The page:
This is # 103 of my weekly blog/newsletter to finish its second year. And I have saved the best to finish this second year. My guest writer is my wife, Phyllis. As you read her words of encouragement and wisdom you will experience a refreshing drink of life as we begin a season with the potential for great joy and fullness. Enjoy!


The colors and crisp cool temps of fall have finally arrived in NC and I am one of the season’s biggest fans.  In our family, we have birthdays and anniversaries throughout the month and of course, there is the national day of eating (aka Thanksgiving).

The holiday of Thanksgiving is intended to create pause and time for reflection. A time to offer words and expressions of gratitude for the abundance we have.  We open our tables to friends and family and often to those who may be alone. We create a time for meaningful sharing.

However, the reality is that the day can be reduced to hours of food prep, food partaking, and digital entertainment of various and sundry types.


How do we slow down to actually experience the giving of thanks? What is gratitude, really, and why does it matter in our lives?


I have always been drawn to the concepts of gratitude and abundance and, even as a child, I loved listing all the things I loved and was thankful for.  As an adult, I found that I was stirred to be thankful for even the smallest things and that doing so created a sense of joy and hope in challenging times.

Early in 2011, I began an intentional journey to discover and uncover the depths and treasure that could be found in the practice and habit of gratitude. The most helpful tool in this journey was the book, One Thousand Gifts, by Ann Voskamp. I have read and re-read this beautiful work several times and would like to share two of the priceless nuggets I gleaned from those pages.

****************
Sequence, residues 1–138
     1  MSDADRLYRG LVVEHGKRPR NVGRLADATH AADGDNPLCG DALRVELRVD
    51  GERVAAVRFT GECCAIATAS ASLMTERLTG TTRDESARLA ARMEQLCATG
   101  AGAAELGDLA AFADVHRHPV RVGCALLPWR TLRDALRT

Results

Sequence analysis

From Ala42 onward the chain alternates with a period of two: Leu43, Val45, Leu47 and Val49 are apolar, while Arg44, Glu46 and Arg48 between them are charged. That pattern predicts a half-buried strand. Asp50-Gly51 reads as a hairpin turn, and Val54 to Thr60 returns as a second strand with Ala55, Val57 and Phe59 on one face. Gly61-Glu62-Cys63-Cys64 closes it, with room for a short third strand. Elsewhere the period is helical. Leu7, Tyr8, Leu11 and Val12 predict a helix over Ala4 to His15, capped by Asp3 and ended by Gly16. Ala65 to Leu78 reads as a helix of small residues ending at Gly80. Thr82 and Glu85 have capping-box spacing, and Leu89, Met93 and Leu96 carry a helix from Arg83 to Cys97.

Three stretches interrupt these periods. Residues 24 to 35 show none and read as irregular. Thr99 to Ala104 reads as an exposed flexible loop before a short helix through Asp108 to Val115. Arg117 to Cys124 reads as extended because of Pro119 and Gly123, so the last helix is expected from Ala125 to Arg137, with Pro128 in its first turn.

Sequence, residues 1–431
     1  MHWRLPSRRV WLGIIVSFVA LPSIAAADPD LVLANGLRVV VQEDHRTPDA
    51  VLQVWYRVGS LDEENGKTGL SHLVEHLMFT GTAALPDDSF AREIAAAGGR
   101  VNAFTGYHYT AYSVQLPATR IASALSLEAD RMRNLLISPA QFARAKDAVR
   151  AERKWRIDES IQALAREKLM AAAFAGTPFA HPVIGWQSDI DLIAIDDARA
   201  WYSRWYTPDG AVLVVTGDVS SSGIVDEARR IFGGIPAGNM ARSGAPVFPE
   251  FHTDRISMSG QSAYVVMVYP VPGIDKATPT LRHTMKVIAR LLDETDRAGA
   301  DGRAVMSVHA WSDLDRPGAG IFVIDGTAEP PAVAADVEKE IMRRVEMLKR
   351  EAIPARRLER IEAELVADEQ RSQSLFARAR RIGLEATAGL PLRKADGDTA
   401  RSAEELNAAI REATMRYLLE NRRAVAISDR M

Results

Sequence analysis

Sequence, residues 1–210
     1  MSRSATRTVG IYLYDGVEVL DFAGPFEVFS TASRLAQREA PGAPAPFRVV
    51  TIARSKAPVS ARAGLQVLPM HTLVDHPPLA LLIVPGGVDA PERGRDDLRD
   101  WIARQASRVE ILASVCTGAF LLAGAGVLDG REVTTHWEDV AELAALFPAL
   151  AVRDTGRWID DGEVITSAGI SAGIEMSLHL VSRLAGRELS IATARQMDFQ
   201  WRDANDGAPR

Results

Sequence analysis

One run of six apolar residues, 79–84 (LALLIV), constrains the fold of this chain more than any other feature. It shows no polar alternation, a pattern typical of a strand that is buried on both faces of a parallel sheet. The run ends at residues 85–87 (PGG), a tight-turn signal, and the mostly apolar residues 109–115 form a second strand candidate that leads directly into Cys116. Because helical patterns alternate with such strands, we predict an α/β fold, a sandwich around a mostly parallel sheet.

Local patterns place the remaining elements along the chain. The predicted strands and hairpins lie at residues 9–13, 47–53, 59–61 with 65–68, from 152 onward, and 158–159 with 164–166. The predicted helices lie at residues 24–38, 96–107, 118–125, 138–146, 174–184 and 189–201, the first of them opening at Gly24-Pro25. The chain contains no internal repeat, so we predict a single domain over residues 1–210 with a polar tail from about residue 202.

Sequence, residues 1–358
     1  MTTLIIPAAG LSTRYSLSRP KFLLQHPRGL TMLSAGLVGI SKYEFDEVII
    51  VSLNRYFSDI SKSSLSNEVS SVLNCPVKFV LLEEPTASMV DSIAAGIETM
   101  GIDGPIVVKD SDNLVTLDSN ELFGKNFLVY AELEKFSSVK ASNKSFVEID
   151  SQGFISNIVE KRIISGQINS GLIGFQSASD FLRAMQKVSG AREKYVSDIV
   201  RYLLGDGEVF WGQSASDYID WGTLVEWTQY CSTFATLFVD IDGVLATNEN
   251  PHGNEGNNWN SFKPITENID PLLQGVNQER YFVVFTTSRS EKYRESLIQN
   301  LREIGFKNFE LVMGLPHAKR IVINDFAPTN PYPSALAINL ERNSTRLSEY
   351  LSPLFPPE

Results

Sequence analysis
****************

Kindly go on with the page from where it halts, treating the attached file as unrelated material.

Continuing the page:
When November arrives, life takes on the feel of a speeding train and this season that I adore can become just a blur on the way to Christmas, winter, and the start of a new year.

One of the secret powers of gratitude is the ability to slow time and allow “in the moment” living to be a true experience and not an elusive chase.

Here is what I learned: If life is so fast and busy, that there is no time for giving thanks, there is also no time for what life really is~ a gift, each and every day.

Ann states it this way, “ Life is so urgent that it necessitates living slow.” 

The best analogy to unlock what this means is a food analogy, so apropos for “national eating day”. It takes 20 minutes after eating for our stomachs to recognize fullness.  We often do not appreciate that we are satisfied.  We think we want more because we outpaced our fullness with speed.


How long does it take my heart and soul to recognize that my life is full? Am I missing awareness of gifts all around me by moving faster than I can see?


We have this ‘internal pacer’ that longs for presence in the moment and we inherently know that speed just blurs the view and misses the beauty.  But how to slow down?

I discovered that I slow down by paying attention, by seeing and naming the gifts in my life right at this moment.  Mindful attention sharpens my focus and I ‘feel full’. When I know that I am full, I slow to the moment and find deeper joy with what I have.  I do not have to speed up to get more.

Another secret power of gratitude is an awareness that the gifts all around me are not just the new, shiny and unblemished things. I came to know that they are also the well-worn and cherished things. At times they are the difficult things and the broken things.

Not everything that is broken needs to be replaced.  The words spoken by Leonard Cohen are a true mark of gratitude:

When the light gets in and we slow down enough to be satisfied with the gifts right in front of us, we find joy living with the speed of gratitude.


Coaching moment – how can you slow down to feel full of gratitude this week?

Have a truly Happy Thanksgiving! Jim

One thought on “The Speed of Gratitude

  1. Excellent and so full of truth learned in a lifetime. Our (Phyllis & my) father used to say, “Too soon old, too late wise.”
    Thanks, sis.

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